Would the same decision have been reached under the A1A had Junker’s design patent been filed after May 16, 2013? The AIA’s amendments to Section 102 for patent applications filed after March 16, 2013 have muddied the waters.  First, the AIA has relocated the statutory bar provisions to a new 35 U.S.C. § 102(a)(1).  Second, it has carried forward the concept of a “grace period” in a new 35 U.S.C. § 102(b).


A person shall be entitled to a patent unless: (1) the claimed invention was patented, described, in a printed publication, or in public use, on sale, or otherwise available to the public before the effective filing date of the claimed invention….



(A) the disclosure was made 1 year or less before the effective filing date of a claimed invention shall not be prior art to the claimed invention under subsection (a)(1) if: (A) the disclosure was made by the inventor or joint inventor or by another who obtained the subject matter disclosed directly or indirectly from the inventor or a joint inventor; or

(B) the subject matter disclosed had, before such disclosure, been publicly disclosed by the inventor or a joint inventor or another who obtained the subject matter disclosed directly or indirectly from the inventor or a joint inventor.

The AIA’s oddly worded 102(a)(1) provision was ostensibly intended to exclude from the statutory bar any prior commercial activity by the inventor that does not place the details of the invention into the public domain.  That’s why the phrase “or otherwise available to the public” was added at least according to the AIA’s legislative history:  to exclude confidential sales or offers to sell an invention from triggering the on-sale bar. Under the pre-A1A statute, case law held that private offers for sale (as in Junker) or private uses or secret processes practiced in the US that result in a product or service that is then made public may be deemed patent-defeating prior art.  To add further confusion, Congress did not expressly define the word “disclosures” in the new Section 102(b) or the relationship of these “disclosures” to Section 102(a)(1)’s patent-barring events.   Congress should have left well enough alone and just modified the original 102(b) statute to explicitly state that confidential sales or offers for sell shall not trigger the on-sale bar.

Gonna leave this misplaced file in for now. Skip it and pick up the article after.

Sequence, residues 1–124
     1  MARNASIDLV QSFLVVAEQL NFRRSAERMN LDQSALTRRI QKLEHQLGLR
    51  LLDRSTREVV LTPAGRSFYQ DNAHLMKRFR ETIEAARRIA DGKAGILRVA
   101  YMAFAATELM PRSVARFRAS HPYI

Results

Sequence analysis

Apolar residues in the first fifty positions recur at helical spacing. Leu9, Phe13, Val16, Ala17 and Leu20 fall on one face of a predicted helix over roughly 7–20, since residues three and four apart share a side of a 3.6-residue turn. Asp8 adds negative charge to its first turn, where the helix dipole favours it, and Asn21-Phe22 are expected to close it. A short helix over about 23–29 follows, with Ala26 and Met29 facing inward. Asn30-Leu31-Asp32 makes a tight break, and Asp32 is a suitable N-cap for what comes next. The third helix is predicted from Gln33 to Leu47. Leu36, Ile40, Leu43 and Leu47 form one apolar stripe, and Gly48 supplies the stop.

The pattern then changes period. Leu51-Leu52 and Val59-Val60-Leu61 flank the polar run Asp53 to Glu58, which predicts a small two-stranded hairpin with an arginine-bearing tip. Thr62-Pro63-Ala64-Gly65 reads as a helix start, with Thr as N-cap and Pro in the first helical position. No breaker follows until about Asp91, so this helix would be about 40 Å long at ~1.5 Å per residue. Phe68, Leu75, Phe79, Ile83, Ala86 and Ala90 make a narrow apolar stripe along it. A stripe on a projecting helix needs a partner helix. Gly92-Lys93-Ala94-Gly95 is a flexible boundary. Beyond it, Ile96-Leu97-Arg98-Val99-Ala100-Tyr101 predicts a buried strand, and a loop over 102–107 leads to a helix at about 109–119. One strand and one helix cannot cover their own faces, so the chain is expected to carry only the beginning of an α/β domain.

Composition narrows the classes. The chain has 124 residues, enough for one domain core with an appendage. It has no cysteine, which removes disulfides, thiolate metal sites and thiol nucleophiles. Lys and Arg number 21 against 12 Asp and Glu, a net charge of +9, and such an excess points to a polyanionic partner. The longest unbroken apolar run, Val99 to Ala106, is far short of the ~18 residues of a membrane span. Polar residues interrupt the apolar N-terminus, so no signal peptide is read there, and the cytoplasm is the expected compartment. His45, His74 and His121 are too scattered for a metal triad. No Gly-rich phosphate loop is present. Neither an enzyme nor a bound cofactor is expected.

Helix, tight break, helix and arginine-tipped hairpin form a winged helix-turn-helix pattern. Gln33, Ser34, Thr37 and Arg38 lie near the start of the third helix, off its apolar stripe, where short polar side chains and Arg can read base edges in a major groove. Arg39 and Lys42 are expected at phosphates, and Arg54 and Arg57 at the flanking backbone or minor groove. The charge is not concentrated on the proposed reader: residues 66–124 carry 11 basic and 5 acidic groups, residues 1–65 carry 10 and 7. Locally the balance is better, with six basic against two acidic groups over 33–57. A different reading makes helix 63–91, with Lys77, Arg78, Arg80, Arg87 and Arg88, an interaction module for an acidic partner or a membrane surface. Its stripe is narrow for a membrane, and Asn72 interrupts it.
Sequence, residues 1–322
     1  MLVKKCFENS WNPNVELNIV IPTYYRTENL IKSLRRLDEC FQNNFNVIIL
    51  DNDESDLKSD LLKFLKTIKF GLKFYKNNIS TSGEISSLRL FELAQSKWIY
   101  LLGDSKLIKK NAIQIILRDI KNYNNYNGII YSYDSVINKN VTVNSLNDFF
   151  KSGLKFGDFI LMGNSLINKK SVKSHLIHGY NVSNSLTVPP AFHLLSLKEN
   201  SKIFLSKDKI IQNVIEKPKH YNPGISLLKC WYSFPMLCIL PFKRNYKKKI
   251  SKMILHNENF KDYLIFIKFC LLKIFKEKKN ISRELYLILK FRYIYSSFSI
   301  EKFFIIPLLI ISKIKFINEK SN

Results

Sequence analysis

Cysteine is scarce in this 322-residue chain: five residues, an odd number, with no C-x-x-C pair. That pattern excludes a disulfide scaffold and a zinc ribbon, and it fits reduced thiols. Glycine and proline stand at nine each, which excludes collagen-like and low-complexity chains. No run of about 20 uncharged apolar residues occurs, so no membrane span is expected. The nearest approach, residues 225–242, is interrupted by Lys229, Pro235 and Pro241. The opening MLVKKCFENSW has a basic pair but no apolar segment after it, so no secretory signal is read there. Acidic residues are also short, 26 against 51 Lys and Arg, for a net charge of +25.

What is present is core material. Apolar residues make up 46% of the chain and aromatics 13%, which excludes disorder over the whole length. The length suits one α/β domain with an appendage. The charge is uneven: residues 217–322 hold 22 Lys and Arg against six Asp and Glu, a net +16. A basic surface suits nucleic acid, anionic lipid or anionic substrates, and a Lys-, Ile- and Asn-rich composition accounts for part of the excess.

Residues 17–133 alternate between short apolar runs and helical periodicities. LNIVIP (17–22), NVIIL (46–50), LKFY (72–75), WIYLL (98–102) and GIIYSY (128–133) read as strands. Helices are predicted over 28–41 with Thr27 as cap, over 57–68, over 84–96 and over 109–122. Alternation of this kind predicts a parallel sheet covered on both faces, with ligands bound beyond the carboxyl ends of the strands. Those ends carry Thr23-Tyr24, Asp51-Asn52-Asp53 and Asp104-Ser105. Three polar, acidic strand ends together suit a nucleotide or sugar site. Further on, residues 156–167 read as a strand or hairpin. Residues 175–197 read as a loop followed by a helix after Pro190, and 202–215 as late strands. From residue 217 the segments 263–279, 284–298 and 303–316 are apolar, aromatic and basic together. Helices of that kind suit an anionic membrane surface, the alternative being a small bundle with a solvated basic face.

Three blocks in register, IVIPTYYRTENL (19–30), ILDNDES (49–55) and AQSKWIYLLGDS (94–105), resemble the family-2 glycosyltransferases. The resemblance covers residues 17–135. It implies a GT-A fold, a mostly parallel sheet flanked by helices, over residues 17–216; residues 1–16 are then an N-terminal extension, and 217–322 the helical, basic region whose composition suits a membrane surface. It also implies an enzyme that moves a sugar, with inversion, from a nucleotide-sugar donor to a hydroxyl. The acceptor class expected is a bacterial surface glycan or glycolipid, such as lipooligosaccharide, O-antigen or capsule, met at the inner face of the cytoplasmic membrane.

In fact for now, the Supreme Court and the Federal Circuit have both concluded that Congress had not made that intent sufficiently clear to afford it a legally recognized policy.  In Heisinn Healthcare, S.A. v. Teva Pharmaceuticals USA, Inc., 686 U.S. (2019),  Supreme Court affirmed the CAFC’s conclusion that under Section 102(a)(1), a publicly disclosed commercial sale of an invention by an inventor, even if it does not place the details of the invention into the public domain (i.e., remains confidential), if made more than one year before the effective filing date of a patent.  As such, the disclosure can qualify as invalidating prior art under AIA Section 102(a)(1). Thus, the Heisinn decision arguably resurrects the pre-AIA separation of the statutory bars into two categories: public disclosures (patented, publication, in public use) and commercialization (on sale).

Confusing, isn’t it?  Based on Helsinn, those who are considering filing a patent application in this AIA world should for now assume that any confidential sales activity prior to applying for a patent might not be accorded a safe harbor.   Thus it makes goods sense to file at least a provisional patent application before commencing any such transactions or clearly within a year of commencing any sales activity whether confidential or not.  Prompt disclosure of the invention in at least a provisional patent disclosure is further encouraged considering that patents are now granted to the first inventor to file, another outcome of the AIA.  Moreover, all inventors should proceed cautiously when revealing their invention to anyone by having proper confidentiality agreements in place with language curtailing the providing of any information to any third party without the inventor’s written permission.

As a reminder: 1) the pre-AIA statute remains applicable to all patents granted on applications filed before March 16, 2013; and 2) a patent infringement lawsuit can occur during the lifetime of the granted patent (about 20 years after the filing date or 14 years from the grant date for design patents granted pre-AIA and 15 years post-AIA) and some years thereafter as a result of the patent statute’s 6-year statute of limitations for bringing a lawsuit. The impact of the pre-AIA statute will be around for a while.  As for the AIA statute, perhaps the courts will have a chance to add some clarity around the Helsinn decision in the not-too-distant future.

Take Home Points for Those Contemplating a Patent Application in the AIA World

  • Timely file patent applications to avoid any problems related to attempting to commercialize the invention before actual filing which could be violative of the AIA’s 102(a) and 102(b) provisions for patents resulting from applications filed since March 16, 2013 as the Helsinn decision demonstrates.
  • Ensure that all communications with potential commercialization partners are maintained in confidence and exchanged under the terms of an executed NDA.
  • Don’t broadcast “deals” of a business venture publicly before an application is filed.



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© 2022 by Troy & Schwartz, LLC




Posted in Intellectual Property Law, Patent Law - Current Issues on February 22,2022 04:02 PM